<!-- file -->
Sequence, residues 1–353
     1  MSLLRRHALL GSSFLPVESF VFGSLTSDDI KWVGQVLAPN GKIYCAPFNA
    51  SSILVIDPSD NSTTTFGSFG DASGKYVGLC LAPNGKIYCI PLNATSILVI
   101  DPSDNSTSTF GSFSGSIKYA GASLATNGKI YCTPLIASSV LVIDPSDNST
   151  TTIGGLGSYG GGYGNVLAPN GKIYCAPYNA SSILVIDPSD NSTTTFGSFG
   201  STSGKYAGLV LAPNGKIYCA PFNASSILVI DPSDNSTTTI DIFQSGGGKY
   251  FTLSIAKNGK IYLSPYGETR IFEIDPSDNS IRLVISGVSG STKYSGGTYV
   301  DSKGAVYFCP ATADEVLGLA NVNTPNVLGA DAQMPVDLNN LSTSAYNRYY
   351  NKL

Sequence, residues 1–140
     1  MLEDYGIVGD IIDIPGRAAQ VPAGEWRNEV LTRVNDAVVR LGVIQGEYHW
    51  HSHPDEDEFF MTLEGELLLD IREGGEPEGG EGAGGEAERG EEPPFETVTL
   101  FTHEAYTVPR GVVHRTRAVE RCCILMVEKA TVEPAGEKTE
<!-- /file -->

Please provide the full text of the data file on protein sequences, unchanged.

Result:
Sequence, residues 1–353
     1  MSLLRRHALL GSSFLPVESF VFGSLTSDDI KWVGQVLAPN GKIYCAPFNA
    51  SSILVIDPSD NSTTTFGSFG DASGKYVGLC LAPNGKIYCI PLNATSILVI
   101  DPSDNSTSTF GSFSGSIKYA GASLATNGKI YCTPLIASSV LVIDPSDNST
   151  TTIGGLGSYG GGYGNVLAPN GKIYCAPYNA SSILVIDPSD NSTTTFGSFG
   201  STSGKYAGLV LAPNGKIYCA PFNASSILVI DPSDNSTTTI DIFQSGGGKY
   251  FTLSIAKNGK IYLSPYGETR IFEIDPSDNS IRLVISGVSG STKYSGGTYV
   301  DSKGAVYFCP ATADEVLGLA NVNTPNVLGA DAQMPVDLNN LSTSAYNRYY
   351  NKL

Sequence, residues 1–140
     1  MLEDYGIVGD IIDIPGRAAQ VPAGEWRNEV LTRVNDAVVR LGVIQGEYHW
    51  HSHPDEDEFF MTLEGELLLD IREGGEPEGG EGAGGEAERG EEPPFETVTL
   101  FTHEAYTVPR GVVHRTRAVE RCCILMVEKA TVEPAGEKTE